Supercomputing goes green in Britain

High-performance supercomputers, like those used to house a company’s data center, generate massive amounts of heat that must be diffused via methods that have conventionally been both expensive and environmentally unfriendly. In an effort to combat these drawbacks, the University of Leicester in Britain has partnered with Hewlett Packard to develop a green supercomputer. The university’s new Alice (Advance Leicester Information and Computational Environment) supercomputer is 10 times more powerful than its predecessor, yet it uses significantly less energy and generates much less carbon dioxide emissions—the result of an advanced water-cooling system.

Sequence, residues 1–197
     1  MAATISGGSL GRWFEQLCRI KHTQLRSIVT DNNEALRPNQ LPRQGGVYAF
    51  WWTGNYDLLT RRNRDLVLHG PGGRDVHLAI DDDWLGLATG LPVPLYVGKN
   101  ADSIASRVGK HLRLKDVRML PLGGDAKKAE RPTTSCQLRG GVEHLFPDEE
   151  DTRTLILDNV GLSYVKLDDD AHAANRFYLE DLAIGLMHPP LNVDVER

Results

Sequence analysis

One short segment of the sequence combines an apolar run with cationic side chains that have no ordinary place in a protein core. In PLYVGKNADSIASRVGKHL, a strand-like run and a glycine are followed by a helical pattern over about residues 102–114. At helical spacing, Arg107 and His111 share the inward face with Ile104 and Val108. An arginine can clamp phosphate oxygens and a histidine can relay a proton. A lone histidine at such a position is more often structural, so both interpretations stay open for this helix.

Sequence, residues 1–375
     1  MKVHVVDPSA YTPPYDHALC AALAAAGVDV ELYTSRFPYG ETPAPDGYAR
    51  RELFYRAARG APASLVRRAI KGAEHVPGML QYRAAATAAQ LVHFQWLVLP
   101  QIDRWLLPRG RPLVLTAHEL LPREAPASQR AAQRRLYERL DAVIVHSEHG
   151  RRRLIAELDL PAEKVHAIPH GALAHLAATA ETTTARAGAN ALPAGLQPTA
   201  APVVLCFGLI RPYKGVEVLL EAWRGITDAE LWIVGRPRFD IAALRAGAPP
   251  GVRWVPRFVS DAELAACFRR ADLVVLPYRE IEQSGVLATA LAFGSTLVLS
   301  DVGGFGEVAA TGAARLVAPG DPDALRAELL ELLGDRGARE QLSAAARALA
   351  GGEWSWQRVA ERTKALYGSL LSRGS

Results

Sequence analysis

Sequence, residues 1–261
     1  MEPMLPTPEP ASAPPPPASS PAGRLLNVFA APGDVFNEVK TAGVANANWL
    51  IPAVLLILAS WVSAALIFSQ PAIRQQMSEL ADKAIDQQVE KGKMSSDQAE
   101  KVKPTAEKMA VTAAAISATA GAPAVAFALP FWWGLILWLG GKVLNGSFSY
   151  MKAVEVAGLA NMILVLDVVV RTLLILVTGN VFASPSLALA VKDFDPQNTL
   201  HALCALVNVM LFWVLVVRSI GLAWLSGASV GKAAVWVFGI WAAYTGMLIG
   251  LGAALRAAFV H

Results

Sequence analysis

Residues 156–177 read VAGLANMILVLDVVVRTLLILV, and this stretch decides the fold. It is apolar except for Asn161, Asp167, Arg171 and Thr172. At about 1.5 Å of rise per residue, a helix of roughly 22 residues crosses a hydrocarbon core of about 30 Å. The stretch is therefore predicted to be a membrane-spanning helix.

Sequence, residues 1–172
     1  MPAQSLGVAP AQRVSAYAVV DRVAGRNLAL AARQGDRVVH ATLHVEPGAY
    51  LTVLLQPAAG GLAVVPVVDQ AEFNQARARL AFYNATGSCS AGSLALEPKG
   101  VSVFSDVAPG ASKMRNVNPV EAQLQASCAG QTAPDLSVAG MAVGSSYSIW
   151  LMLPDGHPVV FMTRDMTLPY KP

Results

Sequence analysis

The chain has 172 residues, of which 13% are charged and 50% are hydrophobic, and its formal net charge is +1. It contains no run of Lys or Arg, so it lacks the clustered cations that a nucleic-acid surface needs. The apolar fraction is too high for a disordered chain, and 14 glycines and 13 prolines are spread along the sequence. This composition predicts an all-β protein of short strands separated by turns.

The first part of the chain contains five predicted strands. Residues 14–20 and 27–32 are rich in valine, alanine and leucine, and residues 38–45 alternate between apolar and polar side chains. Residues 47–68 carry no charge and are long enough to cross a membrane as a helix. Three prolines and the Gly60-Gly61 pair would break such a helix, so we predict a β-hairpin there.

With the new system in operation, the university expects to see a savings of £130,000 in energy expenses annually while decreasing carbon emissions by 800 tons over the same time frame. The supercomputer is projected to help the University of Leicester’s computing facility to become the most energy efficient in the sector.